Proposal to Replace 1920s Garage with New 5-Story-Plus-Penthouse Residential Building Considered

11 Jane Street Rendering. Image Credit: David Chipperfield Architects.

11 Jane Street Rendering. Image Credit: David Chipperfield Architects.

Proposal met with strong opposition from community members, elected officials and preservationist organizations. On June 21, 2016, the Landmarks Preservation Commission considered and heard testimony on an application to replace a 1921 garage building with a new residential structure at 11-19 Jane Street. The site lies within the Greenwich Village Historic District. The garage at the site is two stories tall, and it once replaced two townhouses.

Consultant Ward Dennis, of Higgins Quasebarth and Partners, introduced the presentation. Dennis said the 1920 garage was described as an “intruder” to the district in the designation report, and that the neighborhood had a history of residential architecture. He said the block is home to a variety of building types of differing heights, including residences, commercial warehouses, and former stables.

Architect David Chipperfield presented the plans for the new building, which would rise to five stories and the streetwall, with two penthouse floors set back 15 feet from the front facade, and a substantial rooftop bulkhead. It would rise to a total height of 188 feet and nine inches. The bulkhead and rooftop furniture would be partially visible from some public thoroughfares. Chipperfield said the design intent was to create something of high architectural quality “without trying to be spectacular:” It was not intended as “look-at-me building.” He noted masonry facades were predominant in the area, and that the new building would be faced in cast stone in an off-white color. He also reiterated that, while the proposed building was slightly taller than its immediate neighbors, it was part of a varied streetscape. The arrangement of the façade he characterized as “simple and classical.”

The building would host apartments, a below-grade garage, and a multi-story 1-family residence with a separate entrance referred to as a “maisonette.” Chipperfield said the new building would better engage pedestrians at the street level than the existing garage.

While brick constituted the most common facade material in the neighborhood, Chipperfield said he instead selected cast stone due to the poor quality of most contemporary brickwork. He also stated that the material would lend the building a “strong constructive quality.”

A representative read a joint statement from Assembly member Deborah Glick and State Senator Brad Hoylman arguing that the proposal was excessively large its location, and asked the developers to consider adaptively reusing the existing garage building. A representative of Council member Corey Johnson called the proposal an “out-of-scale building in a historic district slowly getting overwhelmed.”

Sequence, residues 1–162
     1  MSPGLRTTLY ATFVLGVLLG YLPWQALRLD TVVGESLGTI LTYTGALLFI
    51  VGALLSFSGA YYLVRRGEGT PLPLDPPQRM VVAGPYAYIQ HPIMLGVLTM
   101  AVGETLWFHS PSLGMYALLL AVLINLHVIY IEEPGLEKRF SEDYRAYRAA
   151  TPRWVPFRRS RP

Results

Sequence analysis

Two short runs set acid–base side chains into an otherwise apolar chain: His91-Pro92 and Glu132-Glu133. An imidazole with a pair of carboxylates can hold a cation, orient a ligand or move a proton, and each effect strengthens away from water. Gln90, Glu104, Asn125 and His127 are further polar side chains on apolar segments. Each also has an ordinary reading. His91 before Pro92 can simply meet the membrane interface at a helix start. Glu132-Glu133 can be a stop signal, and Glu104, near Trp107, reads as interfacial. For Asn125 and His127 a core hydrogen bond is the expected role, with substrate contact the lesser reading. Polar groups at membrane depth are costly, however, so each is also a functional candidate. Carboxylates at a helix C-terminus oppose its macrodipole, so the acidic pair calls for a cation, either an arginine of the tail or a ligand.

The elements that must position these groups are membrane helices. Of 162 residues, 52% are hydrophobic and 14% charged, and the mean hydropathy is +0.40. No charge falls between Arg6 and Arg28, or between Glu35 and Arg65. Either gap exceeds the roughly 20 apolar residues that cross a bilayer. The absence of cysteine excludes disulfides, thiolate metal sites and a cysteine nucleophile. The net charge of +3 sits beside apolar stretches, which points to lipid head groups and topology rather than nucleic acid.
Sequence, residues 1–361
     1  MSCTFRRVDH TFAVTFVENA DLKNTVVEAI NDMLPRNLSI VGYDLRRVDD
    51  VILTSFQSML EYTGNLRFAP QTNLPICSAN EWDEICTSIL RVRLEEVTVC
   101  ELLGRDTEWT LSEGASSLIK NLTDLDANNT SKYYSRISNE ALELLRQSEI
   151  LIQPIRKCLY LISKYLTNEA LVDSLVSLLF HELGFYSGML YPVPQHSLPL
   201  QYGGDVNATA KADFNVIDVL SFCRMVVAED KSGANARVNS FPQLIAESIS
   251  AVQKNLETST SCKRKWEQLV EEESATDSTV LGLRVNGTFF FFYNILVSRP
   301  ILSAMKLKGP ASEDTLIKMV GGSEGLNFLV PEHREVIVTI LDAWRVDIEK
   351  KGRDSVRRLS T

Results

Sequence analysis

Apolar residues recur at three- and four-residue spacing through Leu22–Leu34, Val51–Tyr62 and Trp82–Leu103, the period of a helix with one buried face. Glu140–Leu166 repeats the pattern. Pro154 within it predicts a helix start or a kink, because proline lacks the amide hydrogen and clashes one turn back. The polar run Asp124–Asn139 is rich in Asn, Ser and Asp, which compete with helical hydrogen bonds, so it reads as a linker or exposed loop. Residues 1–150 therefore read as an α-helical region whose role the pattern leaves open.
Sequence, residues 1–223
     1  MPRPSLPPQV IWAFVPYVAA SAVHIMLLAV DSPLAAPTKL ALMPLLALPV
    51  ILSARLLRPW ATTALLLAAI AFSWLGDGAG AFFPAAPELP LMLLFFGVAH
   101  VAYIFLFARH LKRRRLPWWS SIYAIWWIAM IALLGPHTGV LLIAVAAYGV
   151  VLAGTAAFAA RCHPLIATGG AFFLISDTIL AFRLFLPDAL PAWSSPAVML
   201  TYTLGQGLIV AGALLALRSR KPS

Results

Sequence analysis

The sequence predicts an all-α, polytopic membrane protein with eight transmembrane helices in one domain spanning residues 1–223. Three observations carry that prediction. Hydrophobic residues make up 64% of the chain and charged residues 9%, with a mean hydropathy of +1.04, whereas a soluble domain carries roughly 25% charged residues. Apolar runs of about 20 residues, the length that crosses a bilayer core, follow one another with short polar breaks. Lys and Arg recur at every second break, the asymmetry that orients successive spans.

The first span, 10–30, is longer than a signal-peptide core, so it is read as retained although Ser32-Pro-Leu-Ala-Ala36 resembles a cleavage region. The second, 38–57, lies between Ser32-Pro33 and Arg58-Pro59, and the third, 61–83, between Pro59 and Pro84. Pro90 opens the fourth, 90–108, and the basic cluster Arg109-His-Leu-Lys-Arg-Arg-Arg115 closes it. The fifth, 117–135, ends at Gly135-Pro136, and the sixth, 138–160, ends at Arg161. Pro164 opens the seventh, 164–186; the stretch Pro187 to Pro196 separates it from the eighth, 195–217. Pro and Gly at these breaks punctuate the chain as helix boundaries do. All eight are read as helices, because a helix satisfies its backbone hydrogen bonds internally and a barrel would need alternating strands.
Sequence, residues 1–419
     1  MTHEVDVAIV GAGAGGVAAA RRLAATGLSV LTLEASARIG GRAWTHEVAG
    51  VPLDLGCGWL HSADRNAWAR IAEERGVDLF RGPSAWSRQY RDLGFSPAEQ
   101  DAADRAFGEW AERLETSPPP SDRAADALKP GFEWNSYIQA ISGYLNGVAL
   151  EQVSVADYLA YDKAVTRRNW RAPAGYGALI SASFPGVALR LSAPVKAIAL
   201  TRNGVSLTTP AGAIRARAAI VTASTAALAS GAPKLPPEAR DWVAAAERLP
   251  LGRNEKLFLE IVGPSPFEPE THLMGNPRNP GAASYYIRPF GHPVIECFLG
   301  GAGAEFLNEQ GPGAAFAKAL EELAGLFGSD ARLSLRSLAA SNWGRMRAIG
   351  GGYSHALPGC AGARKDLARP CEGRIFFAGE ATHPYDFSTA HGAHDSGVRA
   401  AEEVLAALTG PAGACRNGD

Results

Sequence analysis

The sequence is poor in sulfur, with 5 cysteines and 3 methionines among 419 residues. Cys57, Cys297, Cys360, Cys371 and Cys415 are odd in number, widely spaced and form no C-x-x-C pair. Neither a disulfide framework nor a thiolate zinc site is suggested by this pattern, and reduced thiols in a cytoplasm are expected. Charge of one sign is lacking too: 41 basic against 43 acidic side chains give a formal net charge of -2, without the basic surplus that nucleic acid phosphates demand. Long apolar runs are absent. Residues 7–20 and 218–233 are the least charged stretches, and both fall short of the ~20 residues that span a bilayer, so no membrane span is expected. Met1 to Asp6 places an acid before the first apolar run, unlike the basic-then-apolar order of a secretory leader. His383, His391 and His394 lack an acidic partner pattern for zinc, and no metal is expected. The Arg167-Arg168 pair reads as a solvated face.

Attorney Marvin Mitzner, speaking for the owners of 9 ½ Jane Street, argued that that development would negatively impact resident’ quality of life, and the building was unsuitable to the block’s character and scale. The Greenwich Village Society for Historic Preservation’s Andrew Berman testified that, if demolition of the existing garage were approved, “the proposed design should be rethought, scaled-back, and made more compatible with a block like this.” Preservation consultant Gregory Dietrich, retained by the owners of 2 Horatio Street, stated that the existing garage was an “intact example of a 1921 service building designed in a commercial vernacular,” that contributed to the historic district and served as part of the block’s “multilayered history.”

Over two dozen area residents testified at the hearing to oppose the project, criticizing the massing, the design, the loss of the garage, and the potential impact on street traffic. Chair Meenakshi Srinivasan stated that Manhattan Community Board 2 had recommended that the application be denied, and that the Commission had received many letters in opposition.

Chipperfield said looming towers already served as a backdrop to the south side of Jane Street, and the impression of the building’s size from pedestrian perspective would be the 60-foor streetwall, which he said was in scale with the rest of Jane Street.

Commissioner Adi Shamir-Baron commented that she would like to see an option that incorporated the existing garage building.

The hearing having extended past the meeting’s scheduled end time, Srinivasan moved to close the meeting, and lay over further discussion of the proposal to a later date.

LPC: 11-19 Jane Street, Manhattan (18-5336) (June 21, 2016) (Architects: David Chipperfield Architects).

By:  Jesse Denno (Jesse is a full-time staff writer at the Center for NYC Law)

One thought on “Proposal to Replace 1920s Garage with New 5-Story-Plus-Penthouse Residential Building Considered

  1. My impression of the proposed building style, next its neighboring brick facades, is that it is very colorless, flat and institutional-looking, boring, lacking texture, variable forms or eye appeal. Reuse the current structure, start over with some real artistic talent, or give it up!

Leave a Reply

This site uses Akismet to reduce spam. Learn how your comment data is processed.